But, it's the subtleties and nuances like the eight inches that separate the game winning, RBI double from another foul ball or the fraction of an inch on the bat barrel that means the difference between a 400-foot homerun and a warning track fly ball that often spell the fate of a win or a loss.
For ousted LSU Baseball Coach Smoke Laval, the distances this past season that ultimately led to his dismissal June 4 became a lot less subtle. The distance between the pitching talent LSU brought to the field in 2006 and the talent of its opponents widened as the season progressed until it reached the point where one Tiger pitcher could be counted on to maybe give his team a chance to win. Just one.
The distance between LSU's offensive prowess and that of its opponent was apparent as well as SEC team after SEC team pounded out double-digit hit totals while LSU lagged behind, lacking the ability to drive in runs and gather timely hits. Outfielder Quinn Stewart led the team with 56 RBI's, which is pretty good for a guy who struggled to find a role at LSU for three previous seasons. But not quite that good when one considers he accounted for nearly half that total after hitting a league-high 23 homers, often with nobody on base.
The walk, bloop and blast days of
LSU baseball were after thoughts with this year's squad. And, if not for a
batting surge by senior catcher Matt Liuzza in early April that raised his
batting average 25 points in two weeks, LSU was in danger of exiting its series
The 2006 LSU Baseball team was not very good. The sentiment early in the year floating around the Alex Box Stadium Press Box was that this team may bare the brunt of 20 years of pent up frustration by other conference teams against the Tiger behemoth. That sentiment proved itself in all but four of the 10 conference series.
Still, it wasn't the lack of talent
that spelled the end of
Sadly, Laval's fate was predicted
the day he stepped away from a head coaching position at UL-Monroe and stepped
into the role of cross bearer for LSU baseball in Bertman's wake.
Had Laval been calling the shots at Georgia, Vanderbilt , Kentucky, Arkansas, Ole Miss or almost every other school in the country aside from LSU, Texas, Miami or Cal State-Fullerton, the fact that he had lost the four College World Series games he coached during his five year stint would have been lost on the idea that his team had been there in the first place.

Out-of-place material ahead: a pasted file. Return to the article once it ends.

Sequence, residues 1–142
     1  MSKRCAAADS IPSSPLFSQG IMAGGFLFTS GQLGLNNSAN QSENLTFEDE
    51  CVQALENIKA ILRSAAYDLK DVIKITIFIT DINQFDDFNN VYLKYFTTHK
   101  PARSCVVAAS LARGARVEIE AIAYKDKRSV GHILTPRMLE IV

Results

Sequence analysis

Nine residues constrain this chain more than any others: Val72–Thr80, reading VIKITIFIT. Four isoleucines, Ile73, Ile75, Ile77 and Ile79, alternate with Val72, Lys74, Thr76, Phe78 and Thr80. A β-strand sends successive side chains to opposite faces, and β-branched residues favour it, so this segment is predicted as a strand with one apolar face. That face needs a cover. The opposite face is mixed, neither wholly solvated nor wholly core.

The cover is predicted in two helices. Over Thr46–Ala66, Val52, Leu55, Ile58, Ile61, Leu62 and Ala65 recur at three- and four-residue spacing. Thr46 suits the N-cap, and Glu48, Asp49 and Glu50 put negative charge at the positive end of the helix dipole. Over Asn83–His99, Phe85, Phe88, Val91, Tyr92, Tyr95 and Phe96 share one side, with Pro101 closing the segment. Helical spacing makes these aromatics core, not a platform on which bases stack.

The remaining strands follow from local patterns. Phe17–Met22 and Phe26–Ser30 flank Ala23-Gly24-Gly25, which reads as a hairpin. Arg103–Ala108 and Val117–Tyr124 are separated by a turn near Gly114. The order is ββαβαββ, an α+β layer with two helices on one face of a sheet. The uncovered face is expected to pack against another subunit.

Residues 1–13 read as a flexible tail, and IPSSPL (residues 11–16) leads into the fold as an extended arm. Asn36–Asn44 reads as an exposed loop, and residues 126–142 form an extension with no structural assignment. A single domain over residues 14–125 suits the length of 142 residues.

Now, Bertman the athletic director has pledged to rebuild the fortress built by Bertman the baseball coach by hiring the right man to lead what is supposed to be the best college baseball program in the country. The short list of names of those worthy of the task includes two former Bertman pupils, Alabama's Jim Wells and Ole Miss' Mike Bianco, both of whom managed to take their teams deep into this year's NCAA Tournament, neither of whom had a winning record against Laval-coached teams until Ole Miss swept a three-game set against LSU in late April of this season.
Other possible candidates have been bantered about as well, the most intriguing and, perhaps unusual, being Bertman himself, who seems a bit perturbed about populating the SEC with coaching talent only to have it belittle his former team.
Truth is, Bertman may be the only choice that can satisfy a community that will settle for nothing but Bertman. How does one really find a contemporary to further the legacy of a man who has no contemporaries? And, if Bertman chooses himself, one hopes he's done so after carefully contemplating the status of Mississippi State's Ron Polk, who decided the only way to preserve his winning heritage in Starkville was to return to coaching the Bulldogs in 2002 after retiring from that same university in 1997 and serving a brief, yet successful two-year term at Georgia. His fate, legacy and potential replacements are being debated with nearly the same fervor as the conversations concerning LSU baseball's next move.
LSU Basketball Coach John Brady was
asked by a small group of reporters a few days after
The fact that Brady landed a job in which he wears a sports coat and loafers to work at LSU instead of a pinstriped jersey and spikes might be his greatest accomplishment to date.